method of adjusting shimano rear derailer

Discussion in 'Bicycle Repair' started by craisin, Nov 21, 2009.

  1. craisin

    craisin Member

    Does anybody know the proceedure of adjusting the shimano rear derailer.
    So I bought a motor and I couldnt easily fit it to my frame so a friend had heaps of old racing style bike and he let me take 3 of them.
    2 of them were 12 speeds and the one I used had the cogs missing off the derailer
    In the end I put a more modern derailer and a twist grip 6 speed shifter off a smaller bike it works quite well but not consistantly well
    thanks in advance

  2. Pablo

    Pablo Motored Bikes Sponsor

  3. craisin

    craisin Member

    Thanks Pablo I can only only find 2 adjustment screws the B and the H.
    I think that other screw is in a different location
    I do have another parts bike that has that type of angled derailer but it would mean modifying the frame to mount that type derailer.
    Anyway its given me the basic understanding of it.
  4. craisin

    craisin Member

    I have to admit I followed your link to the forum and I just had to read the first answer to the clues so I counted the teeth on low gear and 28 total same as the wheel on the donor bike eg the bike I got the derailer and shifter off.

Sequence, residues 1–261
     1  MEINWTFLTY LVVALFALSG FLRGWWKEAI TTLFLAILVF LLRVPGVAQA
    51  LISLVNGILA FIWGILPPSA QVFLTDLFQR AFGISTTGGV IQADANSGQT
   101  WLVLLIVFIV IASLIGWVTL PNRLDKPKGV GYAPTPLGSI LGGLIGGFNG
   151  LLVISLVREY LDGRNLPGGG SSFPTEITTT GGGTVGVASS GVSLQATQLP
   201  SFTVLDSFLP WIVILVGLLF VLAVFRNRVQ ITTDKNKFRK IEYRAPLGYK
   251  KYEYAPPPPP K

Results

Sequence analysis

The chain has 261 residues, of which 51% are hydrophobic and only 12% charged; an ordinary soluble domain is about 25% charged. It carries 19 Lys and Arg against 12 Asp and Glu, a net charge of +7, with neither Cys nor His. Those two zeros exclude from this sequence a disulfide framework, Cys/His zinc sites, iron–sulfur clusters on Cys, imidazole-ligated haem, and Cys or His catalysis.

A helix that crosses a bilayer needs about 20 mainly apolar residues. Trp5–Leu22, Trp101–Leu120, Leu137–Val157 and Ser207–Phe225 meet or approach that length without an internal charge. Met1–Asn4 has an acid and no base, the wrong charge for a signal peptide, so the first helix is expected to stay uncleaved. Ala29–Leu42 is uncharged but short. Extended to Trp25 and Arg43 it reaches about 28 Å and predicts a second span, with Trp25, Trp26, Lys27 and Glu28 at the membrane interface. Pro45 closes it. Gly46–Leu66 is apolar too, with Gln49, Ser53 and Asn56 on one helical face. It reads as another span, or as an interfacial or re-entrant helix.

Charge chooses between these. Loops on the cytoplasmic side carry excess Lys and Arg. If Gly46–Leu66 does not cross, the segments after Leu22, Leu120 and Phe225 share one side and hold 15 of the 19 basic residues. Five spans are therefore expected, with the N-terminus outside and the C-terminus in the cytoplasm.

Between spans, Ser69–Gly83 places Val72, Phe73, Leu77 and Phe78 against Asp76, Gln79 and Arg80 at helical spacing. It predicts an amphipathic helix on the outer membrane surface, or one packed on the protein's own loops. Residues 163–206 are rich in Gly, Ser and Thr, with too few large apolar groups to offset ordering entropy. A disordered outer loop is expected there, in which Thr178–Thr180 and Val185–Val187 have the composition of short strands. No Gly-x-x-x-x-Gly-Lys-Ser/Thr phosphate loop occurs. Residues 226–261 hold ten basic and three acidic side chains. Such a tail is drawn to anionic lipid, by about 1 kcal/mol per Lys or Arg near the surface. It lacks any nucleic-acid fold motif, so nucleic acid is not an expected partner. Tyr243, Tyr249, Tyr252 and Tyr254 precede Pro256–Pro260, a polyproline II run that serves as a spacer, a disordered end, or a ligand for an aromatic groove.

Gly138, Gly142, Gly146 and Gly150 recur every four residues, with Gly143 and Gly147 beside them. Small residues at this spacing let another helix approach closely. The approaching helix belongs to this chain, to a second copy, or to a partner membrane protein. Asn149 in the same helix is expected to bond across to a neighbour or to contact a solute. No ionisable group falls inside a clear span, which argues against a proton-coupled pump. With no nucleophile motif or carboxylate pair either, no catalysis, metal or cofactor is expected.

My bike may be a part bin special from the early 70s it looks as it was painted in Commonwealth Games colours.
    I need to lose the steel Rims:rolleyes7:
    I have to keep an eye out for a wheel off a racebike with less than 28 on the big cog
  5. retromike3

    retromike3 Member

    rear derailleur

    There are usually more than two adjustments for a modern derailleur. First there are the ends for the top and bottom adjustment then there is a separate adjustment for cable tension. This is a ferrule usually at the shifter that helps you adjust weather the amount of upshift or down.

    If you go to a bike shop you can get a bolt on derailleur hanger from a less expensive bike that clamps to the place were the wheel bolts to the frame. this peace of steel will let you install a newer derailleur to an older frame.